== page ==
Units, a combinational circuit
that can
perform
any of the arithmetic
operations and logic
operations on two input
values. The
operation to be
performed is selected by set of
inputs known as function
select inputs.
There
are different MSI ALUs
available that have two
4bit inputs a 4bit output
and
three to
five function select inputs
that allows up to 32 different
functions to be performed.
Three
commercially available 4bit
ALUS are
· 74XX181:
The 4bit ALU has five
function select inputs
allowing it to perform 32
different
Arithmetic
and Logic operations.
· 74XX381:
The 4bit ALU only has
three function select inputs
allowing only 8
different
arithmetic
and logic functions. Table
15.6
· 74XX382:
The 4bit ALU is similar to
the 74XX381, the only
difference is that 74XX
381
provides
groupcarry lookahead outputs
and 74XX382 provides ripple
carry and overflow
outputs
Input
S2
S1
S0
Function
0
0
0
F=0000
0
0
1
F=BA1+Cin
0
1
0
F=AB1+Cin
0
1
1
F=A+B+Cin
F = A ⊕B
1
0
0
1
0
1
F=A+B
1
1
0
F=A.B
1
1
1
F=1111
147
CS302 
Digital Logic & Design
Table
15.6
Function
Table of 74XX381 4bit
ALU
Implementing
16bit ALU
16bit ALU
can be implemented by cascading
together four 4bit ALUs.
These 4bit
ALUs
have built in LookAhead
Carry Generator circuits
that eliminate the delay
caused by
carry
bit propagating through the
Parallel Adder circuit
within the 4bit ALU circut.
However,
when a
number of such units are
cascaded together to implement
large 16bit and 32bit
ALU,
the
carry propagating between
one unit to the next
gets delayed due to the
Carry rippling
through
multiple 4bit units. For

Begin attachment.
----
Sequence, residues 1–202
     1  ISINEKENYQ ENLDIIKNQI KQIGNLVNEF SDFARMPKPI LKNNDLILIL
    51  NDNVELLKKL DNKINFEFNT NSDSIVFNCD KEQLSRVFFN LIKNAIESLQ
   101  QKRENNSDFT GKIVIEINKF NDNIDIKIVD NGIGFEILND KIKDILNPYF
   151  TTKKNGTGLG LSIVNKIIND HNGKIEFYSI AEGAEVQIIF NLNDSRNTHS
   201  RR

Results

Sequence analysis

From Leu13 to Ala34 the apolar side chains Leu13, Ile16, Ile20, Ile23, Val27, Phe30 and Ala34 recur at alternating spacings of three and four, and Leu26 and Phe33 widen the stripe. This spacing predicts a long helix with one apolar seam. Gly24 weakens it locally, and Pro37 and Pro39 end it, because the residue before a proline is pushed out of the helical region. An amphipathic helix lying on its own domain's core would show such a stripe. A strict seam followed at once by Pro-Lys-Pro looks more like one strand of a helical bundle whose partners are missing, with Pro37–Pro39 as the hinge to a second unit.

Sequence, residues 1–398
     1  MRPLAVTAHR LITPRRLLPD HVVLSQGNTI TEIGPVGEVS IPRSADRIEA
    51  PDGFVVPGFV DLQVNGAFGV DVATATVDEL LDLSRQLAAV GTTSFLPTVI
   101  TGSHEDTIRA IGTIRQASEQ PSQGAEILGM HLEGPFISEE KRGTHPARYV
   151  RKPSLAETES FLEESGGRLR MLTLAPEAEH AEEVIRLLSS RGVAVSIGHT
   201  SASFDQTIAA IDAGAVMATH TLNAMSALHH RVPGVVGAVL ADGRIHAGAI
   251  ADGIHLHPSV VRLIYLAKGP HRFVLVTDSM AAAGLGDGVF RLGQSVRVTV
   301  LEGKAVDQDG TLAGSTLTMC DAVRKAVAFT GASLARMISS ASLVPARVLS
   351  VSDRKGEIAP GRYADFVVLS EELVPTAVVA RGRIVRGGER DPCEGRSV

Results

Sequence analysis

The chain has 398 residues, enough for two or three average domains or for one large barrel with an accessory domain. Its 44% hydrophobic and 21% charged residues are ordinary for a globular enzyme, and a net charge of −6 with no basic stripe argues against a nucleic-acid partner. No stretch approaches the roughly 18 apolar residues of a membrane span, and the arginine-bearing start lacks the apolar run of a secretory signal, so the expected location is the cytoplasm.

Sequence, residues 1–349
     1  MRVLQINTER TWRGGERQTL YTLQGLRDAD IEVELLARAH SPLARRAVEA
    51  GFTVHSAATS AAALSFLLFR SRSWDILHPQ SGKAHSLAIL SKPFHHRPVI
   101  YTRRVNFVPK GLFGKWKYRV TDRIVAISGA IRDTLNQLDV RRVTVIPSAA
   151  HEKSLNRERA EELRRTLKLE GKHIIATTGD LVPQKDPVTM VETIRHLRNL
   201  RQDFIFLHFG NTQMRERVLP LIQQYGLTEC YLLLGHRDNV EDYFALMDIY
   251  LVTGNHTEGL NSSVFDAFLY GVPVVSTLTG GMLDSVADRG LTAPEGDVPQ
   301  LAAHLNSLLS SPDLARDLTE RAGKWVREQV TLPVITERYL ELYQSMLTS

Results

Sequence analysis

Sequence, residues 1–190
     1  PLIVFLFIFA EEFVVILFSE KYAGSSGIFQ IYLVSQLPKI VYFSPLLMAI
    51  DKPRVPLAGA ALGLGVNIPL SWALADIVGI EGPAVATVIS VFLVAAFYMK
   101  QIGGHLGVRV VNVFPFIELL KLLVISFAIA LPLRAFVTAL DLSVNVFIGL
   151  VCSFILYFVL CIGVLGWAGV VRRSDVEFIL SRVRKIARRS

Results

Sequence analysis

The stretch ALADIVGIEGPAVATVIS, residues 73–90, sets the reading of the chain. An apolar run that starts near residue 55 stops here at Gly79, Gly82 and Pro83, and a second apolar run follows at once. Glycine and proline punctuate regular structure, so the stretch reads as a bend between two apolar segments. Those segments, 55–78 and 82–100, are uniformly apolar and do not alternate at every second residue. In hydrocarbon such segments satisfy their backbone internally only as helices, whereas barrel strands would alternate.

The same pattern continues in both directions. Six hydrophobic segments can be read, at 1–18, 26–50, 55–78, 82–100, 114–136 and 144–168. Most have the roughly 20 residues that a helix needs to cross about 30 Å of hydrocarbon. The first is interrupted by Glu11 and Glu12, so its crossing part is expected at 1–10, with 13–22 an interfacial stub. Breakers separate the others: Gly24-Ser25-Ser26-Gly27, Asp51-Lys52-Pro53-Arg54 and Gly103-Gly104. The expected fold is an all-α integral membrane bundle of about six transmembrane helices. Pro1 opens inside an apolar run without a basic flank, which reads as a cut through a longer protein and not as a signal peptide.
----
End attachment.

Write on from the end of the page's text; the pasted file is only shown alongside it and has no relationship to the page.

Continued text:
large 32bit ALUs, the
Carry propagates through 8,
4bit units
delaying
the Carry out from
the last most significant
unit by a factor of 8.The
74XX181 and
74XX381
circumvent the problem by
having GroupCarry
LookAhead.
GroupCarry
LookAhead
The
LookAhead Carry Generator
discussed earlier and used
by the 74LS283 Adder
provides
Carry's C1, C2, C3 and C4 simultaneously after a gate
delay of two. Carry's C1, C2 and
C3 are used internally,
where as C4
provides
the Cout from the 74LS283.
Referring to the
Look
Ahead
Carry Generator Circuit the
C1, C2, C3 and C4
terms
are generated on the basis
of P0,
P1, P2 and P3 the four Carry
Propagate terms and G0, G1, G2 and
G3 the four
Carry Generate
terms.
Figure 15.9
Figure
15.9
LookAhead
Carry Generator
These
terms are used to generate
GroupCarry LookAhead outputs
that can be used
to cascade
together multiple units
eliminating the problem of
rippling carry. The G and
P
output
pins of the 74XX381 provide
the groupcarry lookahead
outputs that allow
multiple
ALUs to be
cascaded together. The
activelow outputs G and P
are represented by
the
Boolean
expressions. Figure
15.10
148
CS302 
Digital Logic & Design
S0
S0
G
S1
S1
P
74X381
S2
S2
Cin
F4
A4
F0
A0
F5
B4
F1
B0
F6
A5
F2
A1
F7
B5
F3
B1
A6
A2
B6
B2
A7
A3
B7
B3
G = G3 + P3G 2 + P2P3G1 + P1P2P3G0
P = PoP1P2P3
Figure
15.10 74X381 ALU with
GroupCarry LookAhead
outputs
149